Treatment of P. falciparum infection is generally best managed in a hospital setting, particularly if the level of parasitemia exceeds 3 percent. Unless one is certain that the patient could not have chloroquine-resistant falciparum infection (based on geographic exposure, Ta.ble.,142.-1), it is best to assume the infecting strain is resistant to chloroquine and to initiate treatment with a combination of quinine and doxycycline with or without pyrimethamine-sulfadoxine. Quinine may at times be in short supply, since only firms that specialize in generic drugs currently manufacture the product. Mefloquine is also an effective therapy for chloroquine-resistant P. falciparum (and the asexual erythrocyte stages of the other Plasmodium species). Halofantrine, a recently introduced antimalarial compound, may have a limited role for self-treatment of presumptive malaria acquired in Southeast Asia or if multiple drug-resistant malaria is suspected.
Persons presenting with complications caused by P. falciparum or with high parasitemia but unable to tolerate oral medications due to vomiting should receive intravenous medications. Supportive care is critical for these patients and includes close hemodynamic monitoring, use of judicious fluid replacement, correction of significant metabolic abnormalities, and additional support as needed (dialysis, mechanical ventilation, and so on). Exchange transfusions have been lifesaving in some patients with parasitemia in excess of 10 percent. Glucocorticoids have not been shown to be of benefit in the treatment of cerebral malaria and should not be used.11 Quinidine is the intravenous drug of choice due not only to its widespread availability but also to its enhanced activity against P. falciparum. Parenteral quinine is available only from the Centers for Disease Control and Prevention.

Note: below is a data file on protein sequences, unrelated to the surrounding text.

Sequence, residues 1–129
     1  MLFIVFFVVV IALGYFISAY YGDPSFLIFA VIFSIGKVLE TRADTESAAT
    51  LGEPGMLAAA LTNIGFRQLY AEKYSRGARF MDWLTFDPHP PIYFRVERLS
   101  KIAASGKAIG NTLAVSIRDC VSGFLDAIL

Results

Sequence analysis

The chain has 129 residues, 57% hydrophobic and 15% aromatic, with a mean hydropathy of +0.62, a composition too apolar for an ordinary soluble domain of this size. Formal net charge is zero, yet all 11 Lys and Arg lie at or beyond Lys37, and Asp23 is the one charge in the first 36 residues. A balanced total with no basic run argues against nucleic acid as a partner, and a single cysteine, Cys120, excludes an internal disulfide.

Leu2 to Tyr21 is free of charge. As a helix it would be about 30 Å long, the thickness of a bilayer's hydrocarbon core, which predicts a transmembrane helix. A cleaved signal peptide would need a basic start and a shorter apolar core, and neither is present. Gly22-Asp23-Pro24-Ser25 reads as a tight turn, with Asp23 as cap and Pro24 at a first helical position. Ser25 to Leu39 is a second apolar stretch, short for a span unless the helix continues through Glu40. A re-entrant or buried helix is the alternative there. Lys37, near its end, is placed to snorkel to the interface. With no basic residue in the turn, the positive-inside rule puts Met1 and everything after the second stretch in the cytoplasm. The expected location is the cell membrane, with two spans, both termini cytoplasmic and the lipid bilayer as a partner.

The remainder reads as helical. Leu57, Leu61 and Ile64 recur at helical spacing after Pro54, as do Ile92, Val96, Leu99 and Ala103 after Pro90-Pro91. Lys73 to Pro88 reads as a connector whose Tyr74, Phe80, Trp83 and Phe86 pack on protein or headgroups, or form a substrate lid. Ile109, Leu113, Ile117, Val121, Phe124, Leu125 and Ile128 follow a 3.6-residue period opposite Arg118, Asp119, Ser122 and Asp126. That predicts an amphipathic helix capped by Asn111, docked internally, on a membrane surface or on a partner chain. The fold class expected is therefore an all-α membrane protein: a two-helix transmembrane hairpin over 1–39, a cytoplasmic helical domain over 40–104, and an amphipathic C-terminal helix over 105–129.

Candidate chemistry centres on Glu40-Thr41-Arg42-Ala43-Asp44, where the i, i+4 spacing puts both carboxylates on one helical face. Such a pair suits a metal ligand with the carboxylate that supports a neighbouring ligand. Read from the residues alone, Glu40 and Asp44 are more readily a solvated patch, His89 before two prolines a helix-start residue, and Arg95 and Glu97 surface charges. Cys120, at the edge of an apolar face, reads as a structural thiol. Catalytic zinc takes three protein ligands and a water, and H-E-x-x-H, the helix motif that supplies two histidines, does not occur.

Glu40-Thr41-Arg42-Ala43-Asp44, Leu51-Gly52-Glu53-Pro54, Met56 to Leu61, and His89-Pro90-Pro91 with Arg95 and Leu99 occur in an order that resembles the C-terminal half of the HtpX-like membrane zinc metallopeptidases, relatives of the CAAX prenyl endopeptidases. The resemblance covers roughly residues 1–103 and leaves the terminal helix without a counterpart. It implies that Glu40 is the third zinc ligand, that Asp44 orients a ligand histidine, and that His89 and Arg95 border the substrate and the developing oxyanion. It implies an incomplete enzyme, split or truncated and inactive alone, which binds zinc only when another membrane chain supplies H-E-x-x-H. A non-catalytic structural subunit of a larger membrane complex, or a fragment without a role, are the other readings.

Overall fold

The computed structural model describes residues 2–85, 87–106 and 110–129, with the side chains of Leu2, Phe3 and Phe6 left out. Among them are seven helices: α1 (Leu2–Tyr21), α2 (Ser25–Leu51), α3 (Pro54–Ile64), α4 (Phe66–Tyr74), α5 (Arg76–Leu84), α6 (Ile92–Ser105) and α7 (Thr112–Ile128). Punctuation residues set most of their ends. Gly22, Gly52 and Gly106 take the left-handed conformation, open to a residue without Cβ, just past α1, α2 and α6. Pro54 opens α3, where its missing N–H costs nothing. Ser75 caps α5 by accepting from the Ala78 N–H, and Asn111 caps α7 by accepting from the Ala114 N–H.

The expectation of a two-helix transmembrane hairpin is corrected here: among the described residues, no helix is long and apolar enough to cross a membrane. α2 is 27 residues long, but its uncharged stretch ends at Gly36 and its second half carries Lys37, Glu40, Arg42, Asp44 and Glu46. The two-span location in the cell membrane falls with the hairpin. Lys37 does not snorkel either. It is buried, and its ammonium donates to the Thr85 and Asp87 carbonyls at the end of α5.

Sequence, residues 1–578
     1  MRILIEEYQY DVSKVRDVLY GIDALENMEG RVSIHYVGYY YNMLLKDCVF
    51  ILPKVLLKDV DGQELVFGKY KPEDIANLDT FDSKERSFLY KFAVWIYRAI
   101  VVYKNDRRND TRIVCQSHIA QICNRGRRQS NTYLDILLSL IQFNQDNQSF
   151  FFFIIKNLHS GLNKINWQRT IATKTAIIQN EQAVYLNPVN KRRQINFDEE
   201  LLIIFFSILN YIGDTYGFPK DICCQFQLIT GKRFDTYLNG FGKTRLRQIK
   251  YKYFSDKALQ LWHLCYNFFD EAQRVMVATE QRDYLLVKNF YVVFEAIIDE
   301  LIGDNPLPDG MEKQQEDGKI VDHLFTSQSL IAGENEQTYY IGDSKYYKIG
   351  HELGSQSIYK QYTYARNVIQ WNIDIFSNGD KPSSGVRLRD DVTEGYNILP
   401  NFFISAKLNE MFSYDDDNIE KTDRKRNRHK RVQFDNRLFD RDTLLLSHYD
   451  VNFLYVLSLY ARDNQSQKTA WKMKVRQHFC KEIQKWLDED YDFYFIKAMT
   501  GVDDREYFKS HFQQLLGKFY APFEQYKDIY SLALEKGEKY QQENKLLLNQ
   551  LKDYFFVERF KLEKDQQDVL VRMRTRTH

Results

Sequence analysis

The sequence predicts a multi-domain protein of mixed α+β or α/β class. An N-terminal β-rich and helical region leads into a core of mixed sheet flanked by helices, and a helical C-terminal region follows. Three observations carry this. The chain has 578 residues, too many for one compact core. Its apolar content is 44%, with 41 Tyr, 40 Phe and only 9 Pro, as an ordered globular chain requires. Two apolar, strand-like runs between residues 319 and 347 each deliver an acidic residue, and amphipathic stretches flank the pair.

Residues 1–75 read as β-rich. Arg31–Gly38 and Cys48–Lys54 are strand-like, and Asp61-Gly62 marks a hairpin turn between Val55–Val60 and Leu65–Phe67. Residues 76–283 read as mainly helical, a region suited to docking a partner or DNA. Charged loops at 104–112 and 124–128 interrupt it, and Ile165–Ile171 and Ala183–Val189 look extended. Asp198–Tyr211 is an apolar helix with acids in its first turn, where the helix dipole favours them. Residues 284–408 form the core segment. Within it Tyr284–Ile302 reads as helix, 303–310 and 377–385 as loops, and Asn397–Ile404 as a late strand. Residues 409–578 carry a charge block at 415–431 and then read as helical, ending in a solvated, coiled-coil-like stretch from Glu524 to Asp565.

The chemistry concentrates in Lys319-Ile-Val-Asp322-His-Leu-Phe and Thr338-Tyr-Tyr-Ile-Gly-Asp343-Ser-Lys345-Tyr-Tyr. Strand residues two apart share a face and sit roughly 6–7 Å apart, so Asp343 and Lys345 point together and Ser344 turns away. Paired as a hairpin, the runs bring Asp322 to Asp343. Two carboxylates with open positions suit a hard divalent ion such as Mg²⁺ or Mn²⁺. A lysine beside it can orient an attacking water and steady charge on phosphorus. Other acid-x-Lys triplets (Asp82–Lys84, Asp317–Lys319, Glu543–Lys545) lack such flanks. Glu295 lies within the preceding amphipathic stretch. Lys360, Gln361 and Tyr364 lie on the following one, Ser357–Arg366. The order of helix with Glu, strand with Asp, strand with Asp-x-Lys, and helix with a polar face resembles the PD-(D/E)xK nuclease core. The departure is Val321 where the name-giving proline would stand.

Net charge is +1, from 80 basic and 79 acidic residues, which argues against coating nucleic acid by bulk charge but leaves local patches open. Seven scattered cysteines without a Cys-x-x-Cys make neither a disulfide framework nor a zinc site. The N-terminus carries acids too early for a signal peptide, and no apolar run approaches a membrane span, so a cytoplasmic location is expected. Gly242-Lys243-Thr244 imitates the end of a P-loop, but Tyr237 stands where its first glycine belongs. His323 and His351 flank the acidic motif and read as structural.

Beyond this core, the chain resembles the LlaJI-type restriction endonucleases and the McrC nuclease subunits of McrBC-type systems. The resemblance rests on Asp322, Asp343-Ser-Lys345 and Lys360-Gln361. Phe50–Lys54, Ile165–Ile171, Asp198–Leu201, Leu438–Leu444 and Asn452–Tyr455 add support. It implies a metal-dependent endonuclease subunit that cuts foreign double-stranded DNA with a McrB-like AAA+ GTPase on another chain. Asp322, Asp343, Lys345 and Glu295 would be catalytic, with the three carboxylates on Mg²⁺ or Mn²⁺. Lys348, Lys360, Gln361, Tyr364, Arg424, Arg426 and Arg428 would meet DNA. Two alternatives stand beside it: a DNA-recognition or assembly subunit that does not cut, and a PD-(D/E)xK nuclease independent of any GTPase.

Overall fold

Quinine and quinidine are potent inducers of insulin release and may cause severe hypoglycemia. Sudden changes in orientation, sweating, tremor, tachycardia, or anxiety should prompt measurement of plasma glucose concentration. Cinchona alkaloids are myocardial depressants, so cardiac monitoring is needed during administration. Terminal treatment with primaquine is not needed in patients with P. falciparum malaria, due to the absence of dormant asexual forms in the liver.
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